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House lawmakers indefinitely postpone return to Washington

House Democratic leaders will indefinitely postpone their return to Washington as a precautionary measure amid rising anxieties over the fast-moving coronavirus.

The House was scheduled to return to the Capitol on March 23, but Speaker Nancy PelosiNancy PelosiRepublican Ohio Senate candidate calls on GOP rep to resign over impeachment vote Clinton, Pelosi holding online Women's Day fundraiser with Chrissy Teigen, Amanda Gorman What good are the intelligence committees? MORE (D-Calif.) and Majority Leader Steny HoyerSteny Hamilton HoyerThis week: Senate takes up coronavirus relief after minimum wage setback House set for tight vote on COVID-19 relief package Key Democrat unveils plan to restore limited earmarks MORE (D-Md.) told rank-and-file Democrats on a conference call Monday that they’ll postpone that date, according to several aides familiar with the leadership message.

"Hoyer said for sure not Monday, and he will update them about the rest of the week," one aide said, noting that potential cancellations of domestic flights may also play a role. "This is all pending domestic travel situation too."

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While discussing the need for more relief packages, leaders also explored the possibility of staggering future votes so all 435 members are not on the House floor at the same time.

The message arrives as Washington policymakers are scrambling for an appropriate response to the coronavirus outbreak, which has killed thousands of people around the globe — more than 60 in the United States — and hammered global economies.

Earlier this month, Congress passed an $8.3 billion package largely aimed at the immediate health concerns related to the pandemic. House lawmakers on Saturday passed economic stimulus legislation designed to ease the financial stress on those most directly affected.

Pelosi is negotiating with Treasury Secretary Steven MnuchinSteven MnuchinBiden brings back bipartisan meetings at the White House On The Money: Schumer urges Democrats to stick together on .9T bill | Collins rules out GOP support for Biden relief plan | Powell fights inflation fears Mnuchin expected to launch investment fund seeking backing from Persian Gulf region: report MORE on technical corrections to that economic stimulus, which the Senate is expected to take up.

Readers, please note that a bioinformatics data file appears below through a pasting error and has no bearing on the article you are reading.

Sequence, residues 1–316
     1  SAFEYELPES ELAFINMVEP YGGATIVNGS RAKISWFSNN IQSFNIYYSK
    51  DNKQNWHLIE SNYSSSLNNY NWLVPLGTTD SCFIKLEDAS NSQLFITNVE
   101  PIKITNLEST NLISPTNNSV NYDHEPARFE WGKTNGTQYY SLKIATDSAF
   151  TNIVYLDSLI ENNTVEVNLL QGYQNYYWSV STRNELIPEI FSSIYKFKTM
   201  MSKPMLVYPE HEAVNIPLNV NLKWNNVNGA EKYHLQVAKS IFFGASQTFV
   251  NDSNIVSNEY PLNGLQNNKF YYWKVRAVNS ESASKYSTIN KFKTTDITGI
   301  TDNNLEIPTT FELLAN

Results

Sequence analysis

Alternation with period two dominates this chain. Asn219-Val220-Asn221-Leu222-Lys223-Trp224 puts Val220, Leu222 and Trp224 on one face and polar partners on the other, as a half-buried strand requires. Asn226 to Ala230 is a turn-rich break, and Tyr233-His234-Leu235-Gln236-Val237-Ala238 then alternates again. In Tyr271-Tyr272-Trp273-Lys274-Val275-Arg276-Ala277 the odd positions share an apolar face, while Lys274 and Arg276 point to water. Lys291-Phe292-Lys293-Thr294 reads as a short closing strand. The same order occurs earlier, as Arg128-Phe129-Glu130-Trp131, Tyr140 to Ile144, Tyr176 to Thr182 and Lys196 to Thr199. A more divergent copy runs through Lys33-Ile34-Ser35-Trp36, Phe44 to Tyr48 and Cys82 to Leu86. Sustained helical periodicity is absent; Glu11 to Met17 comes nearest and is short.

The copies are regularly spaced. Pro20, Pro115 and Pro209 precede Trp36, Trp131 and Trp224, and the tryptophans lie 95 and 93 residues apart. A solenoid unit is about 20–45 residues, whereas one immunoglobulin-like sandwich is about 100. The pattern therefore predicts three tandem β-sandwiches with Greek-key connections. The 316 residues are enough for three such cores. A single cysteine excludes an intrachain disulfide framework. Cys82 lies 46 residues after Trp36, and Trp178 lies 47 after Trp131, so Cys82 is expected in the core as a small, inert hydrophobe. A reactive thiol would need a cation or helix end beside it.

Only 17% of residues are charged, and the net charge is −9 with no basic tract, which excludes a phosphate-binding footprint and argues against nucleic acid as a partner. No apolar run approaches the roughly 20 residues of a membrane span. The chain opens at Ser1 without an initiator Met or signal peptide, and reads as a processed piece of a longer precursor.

Meanwhile, lawmakers are already eyeing another emergency coronavirus relief package designed to help industries and businesses that have been hit hard by the deadly outbreak.

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Senate Minority Leader Charles SchumerChuck SchumerFirst Black secretary of Senate sworn in Republican Ohio Senate candidate calls on GOP rep to resign over impeachment vote The bizarre back story of the filibuster MORE (D-N.Y.) on Monday floated a massive $750 billion economic relief package that will include funding to expand hospital capacity, boost Medicaid and expand unemployment insurance for workers who lose their jobs as a result of the crisis.

Rep. Peter DeFazioPeter Anthony DeFazioDemocrats offer bills to boost IRS audits of rich, corporations House Democrats call on Biden to fill Postal Service Board vacancies to pave way for ousting DeJoy House Democrats' draft coronavirus relief legislation includes B for U.S. airlines MORE (D-Ore.), chairman of the House Transportation and Infrastructure Committee, is sounding alarms related to one industry in particular: the nation’s airlines. He warned on Monday’s conference call that the industry is facing a crisis more severe than the one that followed the 9/11 attacks.

DeFazio “talked about making sure any assistance to airlines puts workers first, and there should be conditions to ensure assistance isn’t used for CEOs or stock buybacks,” said a source on the call.

President TrumpDonald TrumpProsecutors focus Trump Organization probe on company's financial officer: report WHO official says it's 'premature' to think pandemic will be over by end of year Romney released from hospital after fall over the weekend MORE, joined by top public health officials, addressed the country Monday afternoon for the second time in four days to roll out several new initiatives designed to shore up the sinking economy.

“Our government is prepared to do whatever it takes,” he said.

Updated at 4:11 p.m.